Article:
This past week I spent 4 days on Jeju island.
Jeju is the 9th province of South Korea and it’s biggest island. It was essentially created a long, long time ago by volcanoes and is now known for its beautiful beaches, inactive volcanoes, lava rock everywhere and lava caves created previously by the volcanoes.
Recommended, and I’ll tell you why
I joined a tour group over the Korean Thanksgiving Holiday, Chuseok
The organization of the tour was a little too ‘flexible‘ as they call it in Korea, for my comfort. My entrepreneurial side is considering venturing into the tour group space here in Korea if I was to stay long term. I see opportunity for money to be made.
Despite that, they did deliver on getting us a lovely hotel (In korea there are a few types of hotels, this one was called a pension) which was essentially a bachelor suite apartment – that happened to be on the fifth floor overlooking a beach and ocean from the balcony.
Due to the organizational lackluster I ended up leaving for a southern city, Wando on the Tuesday night in order to be on a ferry early Wednesday morning. I found out later I could have easily left Wednesday morning but oh well.
Wednesday we took the ferry to Jeju island. Lovely views along the way!
We arrived on Jeju Island around noon. After a bit more confusion we bused over to our pension buildings. It had been cloudy all day and to our dismay it began to rain as we were sorting out our rooms. I lucked out by being placed with a friend from Seoul and two other women. Stuck in a room with 3 not-unattractive women.. Things could have been worse.
Upon feeling settled, we headed down to the beach to drink and swim in the ocean. Things were definitely starting to look up. The night consisted of watching a sunset on the beach while eating gourmet hamburgers and consuming bottle after bottle of Soju and heading to a Noreabong (Korea Karaoke).
Friday morning, 2 of the roommates headed off on a tour after some drunken yoga on the beach and I got breakfast while waiting for my friend to get over her Soju hangover. She wasn’t able to beat this one – ask any foreigner in South Korea and they have a great respect for the severity of the Soju Hangover.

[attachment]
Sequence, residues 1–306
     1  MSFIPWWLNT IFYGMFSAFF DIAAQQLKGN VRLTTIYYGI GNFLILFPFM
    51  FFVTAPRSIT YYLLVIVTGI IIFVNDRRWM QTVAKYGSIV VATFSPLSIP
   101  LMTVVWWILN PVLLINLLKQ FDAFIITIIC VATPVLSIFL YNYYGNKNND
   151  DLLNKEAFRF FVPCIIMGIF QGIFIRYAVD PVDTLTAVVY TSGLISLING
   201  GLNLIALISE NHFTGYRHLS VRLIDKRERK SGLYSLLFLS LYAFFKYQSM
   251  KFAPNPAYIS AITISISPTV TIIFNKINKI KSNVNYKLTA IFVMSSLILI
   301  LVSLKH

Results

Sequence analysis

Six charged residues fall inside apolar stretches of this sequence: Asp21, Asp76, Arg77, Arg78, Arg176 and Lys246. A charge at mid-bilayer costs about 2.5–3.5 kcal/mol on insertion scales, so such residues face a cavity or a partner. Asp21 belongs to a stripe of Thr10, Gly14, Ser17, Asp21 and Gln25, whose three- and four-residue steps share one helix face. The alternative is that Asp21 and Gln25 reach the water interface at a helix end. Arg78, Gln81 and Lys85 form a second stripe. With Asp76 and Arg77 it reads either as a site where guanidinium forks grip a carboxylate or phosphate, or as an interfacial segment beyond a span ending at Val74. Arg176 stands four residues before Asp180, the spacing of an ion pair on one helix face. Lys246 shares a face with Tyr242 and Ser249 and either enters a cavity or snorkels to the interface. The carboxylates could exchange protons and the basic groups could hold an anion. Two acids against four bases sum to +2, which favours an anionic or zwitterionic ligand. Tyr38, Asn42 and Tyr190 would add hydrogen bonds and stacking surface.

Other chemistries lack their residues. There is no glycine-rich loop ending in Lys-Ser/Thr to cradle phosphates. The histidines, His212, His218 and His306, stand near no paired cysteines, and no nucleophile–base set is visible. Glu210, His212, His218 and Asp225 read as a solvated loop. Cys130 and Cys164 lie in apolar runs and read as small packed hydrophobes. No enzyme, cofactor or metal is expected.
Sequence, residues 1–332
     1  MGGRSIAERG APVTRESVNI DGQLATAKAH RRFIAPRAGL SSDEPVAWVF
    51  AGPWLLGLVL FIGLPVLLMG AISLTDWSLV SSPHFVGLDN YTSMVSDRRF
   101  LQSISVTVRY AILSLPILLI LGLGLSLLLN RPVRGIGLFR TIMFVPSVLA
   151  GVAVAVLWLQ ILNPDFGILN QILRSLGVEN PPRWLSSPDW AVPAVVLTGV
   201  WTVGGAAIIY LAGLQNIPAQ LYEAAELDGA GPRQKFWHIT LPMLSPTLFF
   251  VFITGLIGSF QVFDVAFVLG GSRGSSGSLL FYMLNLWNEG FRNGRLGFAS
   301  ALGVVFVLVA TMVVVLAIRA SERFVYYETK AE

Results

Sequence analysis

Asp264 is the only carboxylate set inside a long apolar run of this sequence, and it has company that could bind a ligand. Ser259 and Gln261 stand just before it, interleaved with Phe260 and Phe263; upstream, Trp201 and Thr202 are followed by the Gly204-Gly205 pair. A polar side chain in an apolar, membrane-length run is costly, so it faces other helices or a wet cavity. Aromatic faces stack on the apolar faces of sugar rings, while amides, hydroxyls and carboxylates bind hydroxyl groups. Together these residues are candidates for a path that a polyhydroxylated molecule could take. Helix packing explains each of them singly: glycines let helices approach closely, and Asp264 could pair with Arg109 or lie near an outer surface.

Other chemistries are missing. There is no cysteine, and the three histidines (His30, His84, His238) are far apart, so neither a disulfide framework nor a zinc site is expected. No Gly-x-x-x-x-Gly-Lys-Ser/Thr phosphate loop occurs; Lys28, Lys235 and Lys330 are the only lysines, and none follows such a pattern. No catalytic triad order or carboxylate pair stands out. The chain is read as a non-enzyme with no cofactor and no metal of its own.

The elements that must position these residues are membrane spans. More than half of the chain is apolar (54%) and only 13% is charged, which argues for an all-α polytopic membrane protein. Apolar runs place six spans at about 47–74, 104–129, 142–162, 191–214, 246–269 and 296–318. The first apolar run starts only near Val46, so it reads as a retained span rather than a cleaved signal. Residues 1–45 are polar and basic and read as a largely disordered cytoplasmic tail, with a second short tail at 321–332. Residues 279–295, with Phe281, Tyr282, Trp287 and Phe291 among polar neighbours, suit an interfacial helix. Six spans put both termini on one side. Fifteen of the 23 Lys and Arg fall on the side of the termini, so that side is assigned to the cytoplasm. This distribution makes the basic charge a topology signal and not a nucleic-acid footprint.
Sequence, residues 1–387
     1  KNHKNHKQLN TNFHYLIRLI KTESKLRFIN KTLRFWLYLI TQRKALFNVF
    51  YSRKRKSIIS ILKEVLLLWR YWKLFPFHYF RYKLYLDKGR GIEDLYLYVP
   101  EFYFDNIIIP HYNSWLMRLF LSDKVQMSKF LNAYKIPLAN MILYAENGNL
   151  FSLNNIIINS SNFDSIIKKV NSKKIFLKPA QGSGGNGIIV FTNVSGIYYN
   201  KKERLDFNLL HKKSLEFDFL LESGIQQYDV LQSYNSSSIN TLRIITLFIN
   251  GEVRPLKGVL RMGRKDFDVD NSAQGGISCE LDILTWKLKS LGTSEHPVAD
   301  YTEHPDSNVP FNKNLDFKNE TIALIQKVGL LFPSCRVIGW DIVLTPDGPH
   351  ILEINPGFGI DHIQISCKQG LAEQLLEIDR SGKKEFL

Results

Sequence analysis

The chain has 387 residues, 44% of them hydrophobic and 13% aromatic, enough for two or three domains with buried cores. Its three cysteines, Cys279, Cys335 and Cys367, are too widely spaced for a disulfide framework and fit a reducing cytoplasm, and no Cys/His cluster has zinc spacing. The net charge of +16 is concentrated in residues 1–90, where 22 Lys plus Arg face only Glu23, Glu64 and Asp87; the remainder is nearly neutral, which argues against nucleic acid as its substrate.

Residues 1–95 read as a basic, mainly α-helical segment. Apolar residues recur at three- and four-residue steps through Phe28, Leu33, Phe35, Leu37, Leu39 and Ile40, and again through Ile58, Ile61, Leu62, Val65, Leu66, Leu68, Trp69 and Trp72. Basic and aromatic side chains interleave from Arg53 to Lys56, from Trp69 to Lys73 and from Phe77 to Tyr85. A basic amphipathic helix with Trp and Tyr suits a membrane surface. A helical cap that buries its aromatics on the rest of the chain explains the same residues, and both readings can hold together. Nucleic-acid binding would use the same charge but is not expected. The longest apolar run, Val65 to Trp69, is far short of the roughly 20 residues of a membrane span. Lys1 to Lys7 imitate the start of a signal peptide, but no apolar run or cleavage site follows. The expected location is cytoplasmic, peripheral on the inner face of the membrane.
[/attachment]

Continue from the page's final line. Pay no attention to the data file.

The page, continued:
Since we only had a few days on Jeju Island – and keeping in the back of my mind that anywhere I go in South Korea could very well be the first and last time I ever find myself in that particular spot – I refused to miss out on what I previously had my mind set to accomplish.
Armed with a fully charged phone, wallet full of cash and Googlemaps I grabbed a bus. En route solo to visit the Manjanggul Lava Caves and Seongsan Ilchulbong “Sunrise Peak” mountain.
The trip started out a bit shaky; being unfamiliar with the buses on Jeju Island, and the information Google maps gave me was a little off based on which buses were running that day. I ended up just grabbing a bus, luckily it brought me to the road that lead to the Lava caves. I pre-gamed the caves with a 2km walk to the UNESCO site.
The entrance to the caves are a set of steep stairs down into a large hole. It immediately gives off an eerie vibe. Thankfully it was midday and the caves were busy. As soon as you walk down the steps it drops in temperature to a damp coldness. The caves are many km’s long and they haven’t even been fully explored yet so only a small section is open to the public. Apology for the rough pictures below. It was a bit more exquisite in person.